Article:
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Grocery store loyalty is weak, reports tcc global in its 2018 International Loyalty Study [pdf]. Indeed, almost 4 in 10 shoppers surveyed across 15 global territories agree that it wouldn’t matter to them if their usual store closed (as they’d just shop elsewhere), and about 1 in 8 report having switching their main grocery store within the previous year.

Loyalty to grocery stores may be weak due to the drivers of store choice, which revolve primarily around convenience as opposed to store-specific characteristics.

Globally, the top 2 drivers of banner choice are the store being “close to me” (54% citing) and “easy to get to” (48%), according to the survey of more than 15,000 shoppers.

Some store-specific factors also figure into the equation, though. Shoppers, for example, cite good selection of food products (41%) and good value offers (38%) as being among their top drivers.

Furthermore, 7 in 10 shoppers want retailers to offer various incentives beyond the traditional loyalty card. More than one-third would like retailers to offer them simple solutions to make life easier in the kitchen, and more than one-quarter want grocery stores to encourage healthier eating habits among kids.

Overall, just 5% of shoppers globally agreed that they would switch to another retailer if their current store withdrew their loyalty card scheme, suggesting that these programs are not affecting shopper behavior.

Of note, grocery store loyalty program memberships declined by 24% in the US between 2015 and 2016 (in part due to mergers and acquisitions activity), according to recent research, even as the broader retail sector saw a sizable increase in overall loyalty program memberships.

Shoppers Spread Their Grocery Trips Among Numerous Stores

Another potential factor in grocery shoppers’ low levels of loyalty is the amount of store choice. Across the 15 markets analyzed, shoppers have 5.5 easily reachable grocery stores, regularly using 3.3 of them on average.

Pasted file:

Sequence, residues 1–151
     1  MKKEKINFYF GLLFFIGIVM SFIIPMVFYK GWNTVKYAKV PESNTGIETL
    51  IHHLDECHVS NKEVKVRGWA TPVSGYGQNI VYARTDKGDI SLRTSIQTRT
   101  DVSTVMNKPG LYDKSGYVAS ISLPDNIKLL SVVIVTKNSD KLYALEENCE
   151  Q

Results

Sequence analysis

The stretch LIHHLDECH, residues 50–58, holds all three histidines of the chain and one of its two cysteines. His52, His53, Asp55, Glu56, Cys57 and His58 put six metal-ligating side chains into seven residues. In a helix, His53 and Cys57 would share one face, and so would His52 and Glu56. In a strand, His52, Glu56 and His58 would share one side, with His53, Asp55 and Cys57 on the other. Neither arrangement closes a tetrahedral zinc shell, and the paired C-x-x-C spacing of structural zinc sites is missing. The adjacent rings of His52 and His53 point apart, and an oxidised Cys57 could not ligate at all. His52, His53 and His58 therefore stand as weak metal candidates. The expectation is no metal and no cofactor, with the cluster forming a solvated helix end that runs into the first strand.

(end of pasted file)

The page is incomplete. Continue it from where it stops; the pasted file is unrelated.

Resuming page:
Among the 15 markets, respondents in the US have the largest number of easily reachable stores (10.9) and also visit the most number of stores (4.7) on a regular basis. However, respondents in the US are among the least likely to spread their visits across stores: they visit on average 43% of available stores, compared to 50% or higher for shoppers in 11 of the 15 markets.

Other Survey Highlights

  • Among US stores, Trader Joe’s ranks highest in perceptions of customer experience and of customer care. Previous research has also found high customer satisfaction with Trader Joe’s.
  • Kroger, meanwhile, leads all grocery stores in loyalty reward delivery perceptions.
  • Discounters are picking up customers, as they now account for 16% of main shopping trips. Discounters also have higher net promoter scores (NPS) on average than convenience stores, hypermarkets, and supermarkets. Discounters are being recommended not only for low prices but also for their range of private label offerings and the quality of their available fresh produce.

About the Data: The results are based on 15,165 online interviews with main shoppers in 15 markets. The markets were Australia, Brazil, China, the Czech Republic, France, Germany, Italy, Poland, Portugal, Russia, South Africa, Spain, Taiwan, the United States and the United Kingdom. The research was conducted in March 2018.

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